Tiny acorns become mighty oaks, we are told. And so in a roundabout way, a mighty oak pillar of the direct market took root in the basement of a TV repair shop in Baltimore in 1974.
Geppi was a comic fan and reader as a youth in the 1950s and 60s. Adulthood called for adult concerns, such as a wife, two kids, and a job delivering for the Post Office. But circa 1972 or so, Geppi peered over a young nephew’s shoulder as he read a comic book, and got that nostalgic feeling. He started seeking out old comics. He had a conversation with a woman on his mail route who had a son away in college who had an old comic collection, and after some back-and-forth, Geppi bought the collection. The seed was planted.
"When I bought ’em, I was all about nostalgia," Geppi says today. "I had no idea about value; it wasn’t important to me. But around 1973, I discovered the Overstreet Comic Book Price Guide, and for the first time, I had an idea that there was value to this. Armed with that, I had duplicates, things I didn’t want, and found these conventions to get rid of them. Before you knew it, I was making more money on the weekend at a convention selling comics than I was during the week at my job."
When Geppi was making more money (and having more fun) as a weekend warrior than he was delivering mail, he did what he calls, "the only logical thing: I quit my good government job with good benefits."
"Truth be told, it was never meant to be a store," Geppi says. "It was meant to be a base of operations so that during the week, I could bag and price comics and hope to get a phone call about a collection to buy so I could do more at the weekend conventions."
Geppi was taking ads in the Antique Trader and buying radio spots, hoping to find more collections to buy. He found a public ready, willing, and able to sell to, and to buy from him.
"Pretty soon, I had a little clientele visiting me to buy old comics," he says. "I didn’t have new comics; we didn’t want new comics. They were a pain in the ass, lousy discounts and so on." But the tide started to turn.
"The little clientele became regulars, they’d tell friends, and new comics became what seemed to be a necessity," Geppi says. "Other stores were opening, and in order to keep these collectors coming to me, I needed a draw, which the new comics became."
Geppi started expanding with a second store in 1977, and at its peak, eight Geppi’s Comic World stores dotted the map in Maryland and Virginia. He got his new comics from New Media/Irjax, one of comics’ early direct market distributors, and that led to another unforeseen opportunity.
"I had friends with stores maybe way on the other side of town who came to me because the minimums were too high for them, 25 copies minimum on a title," Geppi says. "They’d say, ‘Hey, I want to carry new comics, can you add them on to your order, I don’t want to buy in that increment.’ I started doing it with five or six guys, and I would break down an order and sell to my whopping six customers."
Just like Geppi didn’t want a store, he didn’t want to be a distributor, either. But the results started to speak in volume.
"It was a pain in the ass, I didn’t want to be a distributor," he says. "It was much more lucrative dealing in old comics. But it kind of grew."
It grew large enough that Geppi started buying direct from Marvel, and when New Media/Irjax ran into financial trouble, Geppi took a chance.
"Their books were on hold for non-payment," he remembers. "I cut a deal with them in 1982 to take over what they had, which was a little pseudo-warehouse in Largo, Florida; one upstairs-warehouse area in Cambridge, Massachusetts, and three sub-distributors, one of which was me. Overnight, I now had employees in different states, drop-shipping to do, all of that."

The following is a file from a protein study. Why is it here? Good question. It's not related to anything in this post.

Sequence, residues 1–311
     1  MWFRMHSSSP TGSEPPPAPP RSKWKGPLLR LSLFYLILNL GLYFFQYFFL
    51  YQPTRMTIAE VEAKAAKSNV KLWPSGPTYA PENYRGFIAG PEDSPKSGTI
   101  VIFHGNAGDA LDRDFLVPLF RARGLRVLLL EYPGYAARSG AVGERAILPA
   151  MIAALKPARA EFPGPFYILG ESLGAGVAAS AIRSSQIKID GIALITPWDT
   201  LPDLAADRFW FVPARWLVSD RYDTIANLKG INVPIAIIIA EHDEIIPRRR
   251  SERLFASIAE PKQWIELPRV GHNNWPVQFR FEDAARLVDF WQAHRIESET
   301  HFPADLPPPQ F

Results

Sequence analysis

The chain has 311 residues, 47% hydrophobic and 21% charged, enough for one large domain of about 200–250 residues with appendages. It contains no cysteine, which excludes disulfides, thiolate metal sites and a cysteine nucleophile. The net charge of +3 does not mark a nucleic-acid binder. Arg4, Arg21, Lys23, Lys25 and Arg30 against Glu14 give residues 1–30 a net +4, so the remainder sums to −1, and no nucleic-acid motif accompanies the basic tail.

Diamond Comic Distributors was born, expanded across the nation, bought out Bud Plant’s distribution business in 1988 accessing the West Coast, and after massive business shakeups in 1996, became the de facto sole distributor in the comics business.
New business shakeups form 2020 to the present have cut into Diamond’s distribution business, but Geppi is happy to still be standing, and marvels at how the business has changed.
"In the late ’70s, early ’80s, business was 90% old comics," he says. "But we didn’t have what we have today, there were no graphic novels. Now look at book stores as well, every book store carries comics and graphic novels."
And Geppi sees that early drive, that quest for back issues, as the seed that launched a robust, diverse industry.
"If it wasn’t for back issues, there would be no comic book market," he says. "Everyone was dying for a place they could buy old comics."
Geppi thought his first store in 1974 was unique, perhaps the only of its kind. He just didn’t know about the others popping up across the country, everyone feeling their way through a nascent business model.
"All of us pretty much had the same experience; we just didn’t know it was happening to other people at the time," he laughs. "The stores around the country were doing the same, growing by little and little. As you experience it, you think you’re the only one. But you find out going through time and connecting with people… what, was this osmosis? We were all doing the same thing."
And Geppi is glad for those early days in the basement guiding what became the rest of his business for 50 years.
"I saw an industry developing," he says. "I knew there was appeal. I felt it in my bones that there were people who would want this. As a I developed into a distributor and later an exclusive distributor, I always felt this tremendous fiduciary responsibility to the industry as a whole."
Sign photo from Gemstone’s Scoop.
This article is published as part of ICv2’s year-long editorial event around the 50th Anniversary of the Direct Market. For more on the history of the Direct Market, click here.